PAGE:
By Clint Confehr

“The Picture Taker” documentary retells Memphis photographer Ernest Withers’ secret from the Civil Rights Era — revealed decades later in newspaper reports.

The book on those reports, “A Spy in Canaan; How the FBI Used a Famous Photographer to Infiltrate the Civil Rights Movement,” is by journalist Marc Perrusquia, director of the University of Memphis’ Institute for Public Service Reporting.

Parts of Perrusquia’s response to a request for comment about the documentary were published Oct. 13 in this newspaper. The rest is here from the journalist who broke “The Picture Taker” story.

“Withers survives as a civil rights hero … as I say in my [2017] book, he did so much good for the movement through the powerful images he took,” Perrusquia said when asked about the film.

People were harmed by the FBI’s use of Withers’ information, as Perrusquia and the documentary show.

Withers’ “fascinating and confounding career” included “key flash points in 20th century history” such as the Rev. Dr. Martin Luther King Jr.’s assassination and Jim Crow South atrocities which he photographed and sold to support a large family after World War II, film publicity states. “Withers developed over a million images that came to define America’s civil rights struggle.”

Without Withers, the words “I AM A MAN” on picket signs used by Memphis sanitation workers on strike might be a foggy memory now instead of enduring black and white photojournalism.

Withers’ “lesser known work” during “decades of secret FBI service” was uncovered a few years after he died, the documentary states.

The film, dropped in Brooklyn Oct. 14, plays at film festivals in Memphis, Montclair, and Philadelphia; airs on PBS in winter 2023 and streams online.

Perrusquia has “the greatest respect for” producer-director Phil Bertelsen and producer/lead-researcher Lise Yasui. Those “true professionals” faced “enormous pressures” in producing the film, he said before he could see the movie. “I trust they will thread the needle and tell a compelling story that will serve the public good.”

Before becoming the public service reporting institute director, Perrusquia’s hard-fought Freedom of Information Act lawsuit started to open FBI files and illuminate what remains complicated. There’s more. “Only a fraction” of Withers’ records have been released, Perrusquia said.

Having studied Withers, Perrusquia can be complimentary and candid: Withers “often risked life and limb as he bravely stood in the front lines of civil rights skirmishes to get those photos” in the 1960s.

“Nothing he did for the FBI eclipses that,” the journalist continued. “But while his secret life as a paid FBI informant doesn’t eclipse that good, it does rival it. Unfortunately, there are individuals who are still trying to whitewash this hidden history that was first exposed more than 12 years ago. That is tragic … we can all learn and grow from it. Make no mistake: Ernest Withers was a prolific political informant who routinely gave the FBI intelligence and photographs on social justice organizations and individual activists — details that helped the bureau undermine these organizations and individuals. Doubly concerning, these details, in turn, often were shared with the Memphis Police Department, which was among the most racist and brutal law enforcement agencies in the South. The information Ernest delivered caused substantial and documentable harm.”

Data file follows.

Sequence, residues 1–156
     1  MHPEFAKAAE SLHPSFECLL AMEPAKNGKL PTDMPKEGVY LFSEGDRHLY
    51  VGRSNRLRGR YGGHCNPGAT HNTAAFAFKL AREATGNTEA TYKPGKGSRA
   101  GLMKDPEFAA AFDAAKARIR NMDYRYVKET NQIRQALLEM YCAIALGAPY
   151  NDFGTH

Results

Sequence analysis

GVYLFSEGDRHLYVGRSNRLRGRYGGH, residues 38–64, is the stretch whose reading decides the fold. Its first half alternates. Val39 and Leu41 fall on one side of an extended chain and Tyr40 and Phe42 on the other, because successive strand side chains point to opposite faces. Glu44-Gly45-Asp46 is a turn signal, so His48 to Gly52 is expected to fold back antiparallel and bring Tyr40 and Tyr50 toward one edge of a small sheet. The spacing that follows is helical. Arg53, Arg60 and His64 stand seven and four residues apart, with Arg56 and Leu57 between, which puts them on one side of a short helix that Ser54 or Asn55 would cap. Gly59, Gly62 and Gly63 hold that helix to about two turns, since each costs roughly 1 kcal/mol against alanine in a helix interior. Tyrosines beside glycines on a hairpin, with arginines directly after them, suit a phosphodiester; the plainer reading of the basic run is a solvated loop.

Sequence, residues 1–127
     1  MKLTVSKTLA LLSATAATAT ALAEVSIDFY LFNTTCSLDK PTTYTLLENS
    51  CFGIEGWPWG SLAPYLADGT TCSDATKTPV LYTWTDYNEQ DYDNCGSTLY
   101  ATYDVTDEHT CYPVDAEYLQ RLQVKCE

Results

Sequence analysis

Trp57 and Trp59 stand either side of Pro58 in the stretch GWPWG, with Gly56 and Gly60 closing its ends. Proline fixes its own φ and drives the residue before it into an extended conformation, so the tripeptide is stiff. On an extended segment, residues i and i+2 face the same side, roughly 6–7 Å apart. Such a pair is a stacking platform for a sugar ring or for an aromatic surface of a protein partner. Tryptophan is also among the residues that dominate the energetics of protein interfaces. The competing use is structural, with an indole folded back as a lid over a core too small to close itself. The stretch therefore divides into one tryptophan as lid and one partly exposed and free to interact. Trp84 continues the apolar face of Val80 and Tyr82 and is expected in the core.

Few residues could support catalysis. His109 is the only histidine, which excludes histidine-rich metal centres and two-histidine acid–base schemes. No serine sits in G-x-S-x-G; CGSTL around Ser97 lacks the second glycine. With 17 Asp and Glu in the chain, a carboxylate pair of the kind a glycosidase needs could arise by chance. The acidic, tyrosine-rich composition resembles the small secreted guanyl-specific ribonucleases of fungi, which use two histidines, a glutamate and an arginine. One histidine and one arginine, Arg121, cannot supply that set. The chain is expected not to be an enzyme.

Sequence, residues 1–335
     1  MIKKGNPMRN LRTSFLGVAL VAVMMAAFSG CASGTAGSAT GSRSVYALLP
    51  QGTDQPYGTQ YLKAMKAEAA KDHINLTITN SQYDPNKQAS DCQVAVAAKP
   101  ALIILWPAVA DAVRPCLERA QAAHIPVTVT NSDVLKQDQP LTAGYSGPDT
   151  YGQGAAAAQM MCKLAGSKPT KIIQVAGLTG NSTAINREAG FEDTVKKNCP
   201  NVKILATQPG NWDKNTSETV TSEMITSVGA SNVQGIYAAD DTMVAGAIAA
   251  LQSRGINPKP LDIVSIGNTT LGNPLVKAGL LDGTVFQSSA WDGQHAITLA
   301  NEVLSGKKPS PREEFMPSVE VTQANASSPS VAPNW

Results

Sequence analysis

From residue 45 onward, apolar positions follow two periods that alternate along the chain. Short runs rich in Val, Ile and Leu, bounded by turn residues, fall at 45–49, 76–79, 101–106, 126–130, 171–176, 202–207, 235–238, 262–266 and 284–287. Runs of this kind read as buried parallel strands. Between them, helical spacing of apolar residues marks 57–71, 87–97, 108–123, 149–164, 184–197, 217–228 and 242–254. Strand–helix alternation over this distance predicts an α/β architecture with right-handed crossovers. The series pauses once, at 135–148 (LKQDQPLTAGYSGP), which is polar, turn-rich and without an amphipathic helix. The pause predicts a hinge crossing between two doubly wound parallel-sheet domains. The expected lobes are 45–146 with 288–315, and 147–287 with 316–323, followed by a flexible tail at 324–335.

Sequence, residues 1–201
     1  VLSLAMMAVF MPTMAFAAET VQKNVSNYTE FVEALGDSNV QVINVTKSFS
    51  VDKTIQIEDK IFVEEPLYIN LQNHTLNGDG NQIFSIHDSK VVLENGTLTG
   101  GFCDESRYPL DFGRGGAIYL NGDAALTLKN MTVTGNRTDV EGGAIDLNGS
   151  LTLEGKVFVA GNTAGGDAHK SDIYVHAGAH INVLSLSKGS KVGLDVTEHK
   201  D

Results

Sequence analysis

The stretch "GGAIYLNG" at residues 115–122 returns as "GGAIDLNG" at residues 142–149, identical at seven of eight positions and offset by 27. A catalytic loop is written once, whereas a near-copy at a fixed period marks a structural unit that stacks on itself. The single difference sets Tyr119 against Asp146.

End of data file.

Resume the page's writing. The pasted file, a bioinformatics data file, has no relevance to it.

Surveillance continues. See

“We may never know all the ways in which citizens were harmed by these operations,” Perrusquia said. “Despite a massive document release between 2013 and 2016 in response to a Freedom of Information lawsuit I filed against the FBI, we still have only a fraction of the records documenting Mr. Withers’ work as an informant.

“But here’s the thing: These types of intrusive, covert political investigations by law enforcement still exist. We’ve seen them rise in recent years targeting Muslim communities following the 9-11 attacks and again targeting Black Lives Matter activists and supporters following the police killing of George Floyd. Left unchecked, without proper citizen oversight, these domestic intelligence gathering operations are abusive. They are undemocratic. They target and suppress the dissent of law-abiding citizens and in so doing, chill constitutionally guaranteed rights to free speech and protest. The past informs the present. The story of Ernest Withers’ secret, 18-year relationship with the FBI is instructive to our times. The unveiling of his life as an informant through the release of hundreds of FBI documents opened up scores and scores of previously unknown veins of information and insights into these operations. We must study them and learn from them.

“That said, we shouldn’t make the mistake of judging historical figures outside of their times. Ernest Withers was a man of his times. He was a conservative, World War II veteran and a former police officer. He was much older than many of the people he was informing on. As a Black man in the Jim Crow South, he may have felt he had little choice but to cooperate with the FBI. Others did manage to tell the FBI and MPD no. But there is no denying the enormous pressure faced by Mr. Withers and other collaborators. So, in the end, I believe Ernest Withers survives as a hero. He’s a flawed hero. Some can legitimately argue he’s no hero at all. But who among us is perfect? I’ve yet to meet this person. In many ways, Ernest Withers personifies the best and worst — the human — in all of us.”

It’s what makes studying Withers’ life and times “fascinating,” the journalist said with “The Picture Taker” in mind.

Clint Confehr — an American journalist since 1972 — first wrote for The Tennessee Tribune in 1999. His news writing and photography in South Central Tennessee and the Nashville Metropolitan Statistical...